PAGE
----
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Document Details :

Title: Drug-eluting stents: a new treatment in the prevention of restenosis
Subtitle: Part I: experimental studies
Author(s): SALU, Koen J. , BOSMANS, Johan M. , BULT, Hidde , VRINTS, Chris J.
Journal: Acta Cardiologica
Volume: 59    Issue: 1   Date: February 2004   
Pages: 51-61
DOI: 10.2143/AC.59.1.2005159

Abstract :
Over the past decade, the use of endoluminal metallic stents has become common practice during percutaneous coronary intervention (PCI), especially after clinical trials showed evidence of decreased restenosis rates when compared with balloon angioplasty alone. Although stents significantly reduce restenosis when compared with balloon angioplasty, due to elimination of acute recoil and chronic negative remodelling, restenosis rates in patients who receive stents are still 20-40% at 6 months due to an exaggerated neointimal hyperplastic vascular response.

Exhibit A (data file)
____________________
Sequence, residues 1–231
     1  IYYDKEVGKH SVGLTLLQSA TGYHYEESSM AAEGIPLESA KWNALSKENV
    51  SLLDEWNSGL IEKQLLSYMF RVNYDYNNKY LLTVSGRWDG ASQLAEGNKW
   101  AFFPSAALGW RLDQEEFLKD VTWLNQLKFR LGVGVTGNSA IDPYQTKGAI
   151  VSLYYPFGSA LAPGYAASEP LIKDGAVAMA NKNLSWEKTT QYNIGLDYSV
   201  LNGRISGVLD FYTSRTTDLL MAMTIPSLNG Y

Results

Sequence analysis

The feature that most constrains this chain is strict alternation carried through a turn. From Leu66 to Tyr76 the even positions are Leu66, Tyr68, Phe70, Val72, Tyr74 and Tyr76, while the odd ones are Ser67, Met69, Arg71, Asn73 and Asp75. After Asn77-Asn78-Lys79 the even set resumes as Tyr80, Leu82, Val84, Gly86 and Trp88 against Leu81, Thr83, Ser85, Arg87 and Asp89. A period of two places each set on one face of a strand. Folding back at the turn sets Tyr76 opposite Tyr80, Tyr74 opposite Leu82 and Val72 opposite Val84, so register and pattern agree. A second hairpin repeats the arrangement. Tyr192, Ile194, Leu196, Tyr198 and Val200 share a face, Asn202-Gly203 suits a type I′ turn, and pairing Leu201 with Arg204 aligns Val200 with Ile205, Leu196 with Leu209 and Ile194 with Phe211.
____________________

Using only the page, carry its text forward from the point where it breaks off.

In-stent restenosis (ISR) due to intimal hyperplasia, results from a complex cellular cascade. First, platelets are activated, form thrombi and release their granule contents. Together with cytokines and growth factors released from injured cells in the vessel wall,they recruit inflammatory cells and stimulate smooth muscle cell (SMC) migration and proliferation. Finally, SMCs start to form extracellular matrix, all resulting in an exaggerated intimal response, maintained by a chronic inflammatory process. Therefore, the recent concept of using stents coated with agents that could potentially inhibit this neointimal hyperplasia, the last hurdle in PCI, has emerged. These agents include anti-thrombotic, anti-inflammatory and anti-mitotic agents.This 2-part article reviews both the available animal and human studies. Part I will discuss the rationale and the technology of drug-eluting stents and also the experimental animal studies performed with these stents. Part II will then summarize the available data of both non-randomised clinical studies and the larger randomised clinical trials with drug-eluting stents as well as the studies in progress. Some critical remarks that still emerge after the introduction oft hese new devices in clinical practice will be discussed.